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(E) Croatians in Italian Concentration Camps
By Nenad N. Bach | Published  02/5/2004 | History | Unrated
(E) Croatians in Italian Concentration Camps


Croatians in Italian Concentration Camps

The following story discusses a recent book published in Italy which
discusses Italian concentration camps whose victims primarily consisted
of Croats and Slovenes. It appeared in the February 6, 2004 edition of
Vjesnik. John Kraljic

Corriere della Sera: Fascists Camps in Croatia - a Stain of Italy

Rome, February 5. Camps which Italian occupation forces raised in
Croatia during the Second World War have been called a stain on Italy by
Corriere della Sera.
In its Thursday edition, the newspaper dedicated an entire page to the
book "The Duce's Camps" which describes fascist camps in Croatia and
Italy in which Croats and Slovenes were imprisoned. The book went on
sale on Thursday.
Author Carlo Spartaco Capogreco collected information concerning the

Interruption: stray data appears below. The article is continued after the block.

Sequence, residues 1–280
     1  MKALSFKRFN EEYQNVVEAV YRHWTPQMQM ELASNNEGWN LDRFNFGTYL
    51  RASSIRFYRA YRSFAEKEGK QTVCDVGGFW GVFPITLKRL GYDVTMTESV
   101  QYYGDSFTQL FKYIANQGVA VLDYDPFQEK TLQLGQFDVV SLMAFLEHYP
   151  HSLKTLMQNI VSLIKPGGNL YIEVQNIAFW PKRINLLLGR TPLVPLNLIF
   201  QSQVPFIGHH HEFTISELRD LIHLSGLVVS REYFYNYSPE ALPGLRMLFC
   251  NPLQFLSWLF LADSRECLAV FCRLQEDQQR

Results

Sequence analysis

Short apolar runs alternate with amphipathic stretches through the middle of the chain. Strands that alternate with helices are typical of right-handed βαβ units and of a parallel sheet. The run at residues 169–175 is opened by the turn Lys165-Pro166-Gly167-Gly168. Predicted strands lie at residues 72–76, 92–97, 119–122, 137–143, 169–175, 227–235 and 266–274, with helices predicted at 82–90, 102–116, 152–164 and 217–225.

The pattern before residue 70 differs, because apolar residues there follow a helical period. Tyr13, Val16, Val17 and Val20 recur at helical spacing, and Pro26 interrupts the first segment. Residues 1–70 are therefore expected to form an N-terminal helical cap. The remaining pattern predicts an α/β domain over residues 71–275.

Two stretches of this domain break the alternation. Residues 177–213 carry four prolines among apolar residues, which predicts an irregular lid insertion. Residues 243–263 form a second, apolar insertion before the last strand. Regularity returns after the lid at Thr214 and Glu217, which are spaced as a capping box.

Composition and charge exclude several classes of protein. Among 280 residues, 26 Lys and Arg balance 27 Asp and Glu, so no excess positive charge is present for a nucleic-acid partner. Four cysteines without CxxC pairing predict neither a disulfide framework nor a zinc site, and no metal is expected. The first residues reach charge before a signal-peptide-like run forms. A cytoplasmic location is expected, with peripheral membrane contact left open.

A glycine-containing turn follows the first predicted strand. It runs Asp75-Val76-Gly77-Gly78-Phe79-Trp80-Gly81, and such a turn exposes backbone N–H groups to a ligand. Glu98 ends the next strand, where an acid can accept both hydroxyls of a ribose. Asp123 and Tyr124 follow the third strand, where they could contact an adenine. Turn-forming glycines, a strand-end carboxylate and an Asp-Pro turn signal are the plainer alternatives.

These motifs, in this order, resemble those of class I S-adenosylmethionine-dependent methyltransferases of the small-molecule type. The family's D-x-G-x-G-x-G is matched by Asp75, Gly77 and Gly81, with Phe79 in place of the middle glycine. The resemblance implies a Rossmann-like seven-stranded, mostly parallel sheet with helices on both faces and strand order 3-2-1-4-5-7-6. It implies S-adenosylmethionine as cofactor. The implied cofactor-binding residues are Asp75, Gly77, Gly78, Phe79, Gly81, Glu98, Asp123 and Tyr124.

camps of Italian fascists in Italy and abroad for over 20 years and has
now published a book which shows, as Corriere della Sera writes, that
"the Italians were not really as good in history as they have attempted
to portray."
On the Dalmatian coast, Italian fascists had camps on Rab where Croats
and Slovenes from Rijeka, Slovenia and the northern Adriatic were
imprisoned. They also had a camp in Molat for central Dalmatia and in
Mamula and Prevlaka for the southern Adriatic. Another 5 camps for
Croats and Slovenes were built in Italy, in Ginar and Visco in the
Venezia-Giulia region, Monigo and Chiesanuova in Veneto, and Renicci in
Tuscany. "For Slovenes and Croats, who made up the bulk of the
internees in the camps, it was a true hell on earth [and] which meant
[for them] their complete liquidation," wrote the newspaper. In
researching through European and Italian archives, Capogreco created "a
picture of the horrors of fascist Italy. [His work is [characterized]
by the quality and depth of his research." He spent years looking for
the locations or remains of the camps.
Among other things, Correire della Sera writes that "thanks to his work,
one can reconstruct the history of the Duce's concentration camps,
concerning which he made a complete catalogue in the second half of the
book, and thus end the amnesia of the 'good Italian.'" (AR/Hina).

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